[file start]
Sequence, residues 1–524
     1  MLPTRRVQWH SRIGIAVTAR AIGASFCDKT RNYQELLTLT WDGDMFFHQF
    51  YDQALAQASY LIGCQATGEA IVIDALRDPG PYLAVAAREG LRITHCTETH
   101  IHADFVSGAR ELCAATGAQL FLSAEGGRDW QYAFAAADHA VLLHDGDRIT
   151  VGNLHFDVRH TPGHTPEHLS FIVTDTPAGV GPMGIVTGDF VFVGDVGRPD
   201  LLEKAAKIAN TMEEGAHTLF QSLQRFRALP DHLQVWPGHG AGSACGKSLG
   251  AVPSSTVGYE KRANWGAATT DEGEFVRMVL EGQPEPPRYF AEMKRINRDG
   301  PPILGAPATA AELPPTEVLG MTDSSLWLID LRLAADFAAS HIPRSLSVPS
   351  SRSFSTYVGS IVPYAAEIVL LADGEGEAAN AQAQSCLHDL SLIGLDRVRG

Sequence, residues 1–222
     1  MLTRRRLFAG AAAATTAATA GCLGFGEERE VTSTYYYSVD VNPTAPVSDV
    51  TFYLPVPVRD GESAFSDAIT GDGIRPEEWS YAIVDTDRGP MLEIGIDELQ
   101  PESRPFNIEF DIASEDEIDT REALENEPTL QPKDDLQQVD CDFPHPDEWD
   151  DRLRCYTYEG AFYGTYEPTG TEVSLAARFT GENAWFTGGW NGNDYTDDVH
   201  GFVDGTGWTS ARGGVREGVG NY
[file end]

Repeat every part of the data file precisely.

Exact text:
Sequence, residues 1–524
     1  MLPTRRVQWH SRIGIAVTAR AIGASFCDKT RNYQELLTLT WDGDMFFHQF
    51  YDQALAQASY LIGCQATGEA IVIDALRDPG PYLAVAAREG LRITHCTETH
   101  IHADFVSGAR ELCAATGAQL FLSAEGGRDW QYAFAAADHA VLLHDGDRIT
   151  VGNLHFDVRH TPGHTPEHLS FIVTDTPAGV GPMGIVTGDF VFVGDVGRPD
   201  LLEKAAKIAN TMEEGAHTLF QSLQRFRALP DHLQVWPGHG AGSACGKSLG
   251  AVPSSTVGYE KRANWGAATT DEGEFVRMVL EGQPEPPRYF AEMKRINRDG
   301  PPILGAPATA AELPPTEVLG MTDSSLWLID LRLAADFAAS HIPRSLSVPS
   351  SRSFSTYVGS IVPYAAEIVL LADGEGEAAN AQAQSCLHDL SLIGLDRVRG

Sequence, residues 1–222
     1  MLTRRRLFAG AAAATTAATA GCLGFGEERE VTSTYYYSVD VNPTAPVSDV
    51  TFYLPVPVRD GESAFSDAIT GDGIRPEEWS YAIVDTDRGP MLEIGIDELQ
   101  PESRPFNIEF DIASEDEIDT REALENEPTL QPKDDLQQVD CDFPHPDEWD
   151  DRLRCYTYEG AFYGTYEPTG TEVSLAARFT GENAWFTGGW NGNDYTDDVH
   201  GFVDGTGWTS ARGGVREGVG NY